The Objectives of Financial Reporting: A Historical Survey and Analysis

Accounting and Business Research, Forthcoming

93 Pages Posted: 4 Jan 2013

See all articles by Stephen A. Zeff

Stephen A. Zeff

Rice University - Jesse H. Jones Graduate School of Business

Date Written: January 1, 2013

Abstract

The aim of this article is to survey and analyze the succession of writings on the objectives of financial reporting during the past 90 years with a view towards contributing to an understanding of the origins and limitations of conceptual frameworks. The article begins with a review of the extensive literature, including the series of recommended and approved conceptual frameworks, in the United States and then proceeds to the literatures in Great Britain, Canada, and Australia, followed by a discussion of the framework issued by the IASC in 1989 and chapters 1 and 3 of the framework issued by the IASB/FASB in 2010. Summary remarks about Continental Europe conclude the survey. Attention is drawn to the criticisms of the objectives approach as well as to its possible perverse consequences for the remainder of the framework. In the course of the survey, there is an attempt to trace the evolution of stewardship and conservatism, or prudence, in the series of frameworks.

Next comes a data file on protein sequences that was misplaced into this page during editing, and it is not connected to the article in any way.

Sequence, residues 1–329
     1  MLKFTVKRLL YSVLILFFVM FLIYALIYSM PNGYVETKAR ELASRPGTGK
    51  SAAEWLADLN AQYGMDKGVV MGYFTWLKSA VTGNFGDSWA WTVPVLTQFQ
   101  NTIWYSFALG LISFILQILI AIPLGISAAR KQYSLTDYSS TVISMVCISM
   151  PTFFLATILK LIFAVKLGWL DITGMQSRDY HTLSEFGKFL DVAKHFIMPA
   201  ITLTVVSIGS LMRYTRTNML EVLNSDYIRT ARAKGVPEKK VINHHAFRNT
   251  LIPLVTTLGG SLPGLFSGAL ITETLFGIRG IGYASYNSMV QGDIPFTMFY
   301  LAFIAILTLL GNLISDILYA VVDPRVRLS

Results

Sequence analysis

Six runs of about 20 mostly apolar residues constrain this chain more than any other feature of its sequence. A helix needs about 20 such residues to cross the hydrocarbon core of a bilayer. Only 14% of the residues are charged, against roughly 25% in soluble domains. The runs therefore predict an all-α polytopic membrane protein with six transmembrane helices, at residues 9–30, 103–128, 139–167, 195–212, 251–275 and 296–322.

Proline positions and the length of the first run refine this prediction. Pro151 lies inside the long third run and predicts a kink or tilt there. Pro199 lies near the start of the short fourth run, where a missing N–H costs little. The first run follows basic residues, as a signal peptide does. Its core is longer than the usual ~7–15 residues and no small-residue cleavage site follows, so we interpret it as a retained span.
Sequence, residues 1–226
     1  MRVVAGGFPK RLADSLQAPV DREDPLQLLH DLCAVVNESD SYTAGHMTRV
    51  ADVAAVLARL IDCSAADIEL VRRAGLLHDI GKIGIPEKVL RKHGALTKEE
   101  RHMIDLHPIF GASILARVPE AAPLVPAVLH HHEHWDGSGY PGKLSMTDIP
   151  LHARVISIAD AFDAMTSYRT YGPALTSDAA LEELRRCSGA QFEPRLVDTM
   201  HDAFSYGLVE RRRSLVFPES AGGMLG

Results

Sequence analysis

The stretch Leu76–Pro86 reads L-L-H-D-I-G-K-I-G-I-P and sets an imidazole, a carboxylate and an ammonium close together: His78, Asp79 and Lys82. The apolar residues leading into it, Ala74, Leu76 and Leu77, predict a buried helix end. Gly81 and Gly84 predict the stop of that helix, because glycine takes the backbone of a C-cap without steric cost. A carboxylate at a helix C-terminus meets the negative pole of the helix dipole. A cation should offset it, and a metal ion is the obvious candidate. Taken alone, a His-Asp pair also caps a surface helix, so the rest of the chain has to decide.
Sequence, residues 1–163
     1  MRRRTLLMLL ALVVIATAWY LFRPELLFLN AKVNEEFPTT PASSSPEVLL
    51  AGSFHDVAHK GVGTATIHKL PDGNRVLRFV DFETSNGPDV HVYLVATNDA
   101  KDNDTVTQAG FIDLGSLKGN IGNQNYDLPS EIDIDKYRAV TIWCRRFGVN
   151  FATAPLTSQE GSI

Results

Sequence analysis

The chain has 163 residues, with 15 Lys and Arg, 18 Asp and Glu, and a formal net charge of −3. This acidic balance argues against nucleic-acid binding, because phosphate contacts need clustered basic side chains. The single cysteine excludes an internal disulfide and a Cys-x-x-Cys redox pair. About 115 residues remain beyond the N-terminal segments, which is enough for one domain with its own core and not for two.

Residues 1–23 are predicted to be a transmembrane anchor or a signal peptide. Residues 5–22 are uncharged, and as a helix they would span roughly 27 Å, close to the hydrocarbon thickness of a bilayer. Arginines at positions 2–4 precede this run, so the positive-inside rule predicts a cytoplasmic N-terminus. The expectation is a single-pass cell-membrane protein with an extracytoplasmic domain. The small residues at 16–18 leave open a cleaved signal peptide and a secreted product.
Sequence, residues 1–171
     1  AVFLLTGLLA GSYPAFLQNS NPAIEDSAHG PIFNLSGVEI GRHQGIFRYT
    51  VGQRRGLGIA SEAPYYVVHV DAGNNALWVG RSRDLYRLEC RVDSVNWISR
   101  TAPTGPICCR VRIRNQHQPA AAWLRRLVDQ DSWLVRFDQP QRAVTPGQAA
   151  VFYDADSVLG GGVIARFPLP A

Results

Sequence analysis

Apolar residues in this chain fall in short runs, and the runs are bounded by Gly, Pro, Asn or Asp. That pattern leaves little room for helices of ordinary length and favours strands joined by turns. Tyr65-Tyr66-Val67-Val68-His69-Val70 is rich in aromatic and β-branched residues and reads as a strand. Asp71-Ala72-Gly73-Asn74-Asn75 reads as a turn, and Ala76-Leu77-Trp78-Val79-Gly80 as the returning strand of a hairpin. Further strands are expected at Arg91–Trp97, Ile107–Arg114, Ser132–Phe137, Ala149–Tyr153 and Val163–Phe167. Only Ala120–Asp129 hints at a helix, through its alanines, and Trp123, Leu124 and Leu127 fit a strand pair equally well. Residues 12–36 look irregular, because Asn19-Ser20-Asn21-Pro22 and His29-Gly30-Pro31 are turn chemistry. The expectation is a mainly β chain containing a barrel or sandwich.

Keywords: objectives, financial statements, financial reporting, standard setting, conceptual frameworks, stewardship, conservatism, prudence

JEL Classification: M41

Suggested Citation

Zeff, Stephen A., The Objectives of Financial Reporting: A Historical Survey and Analysis (January 1, 2013). Accounting and Business Research, Forthcoming. Available at SSRN: https://ssrn.com/abstract=2196476

Stephen A. Zeff (Contact Author)

Rice University - Jesse H. Jones Graduate School of Business ( email )

6100 South Main Street
P.O. Box 1892
Houston, TX 77005
United States
713-348-6066 (Phone)
713-348-6296 (Fax)

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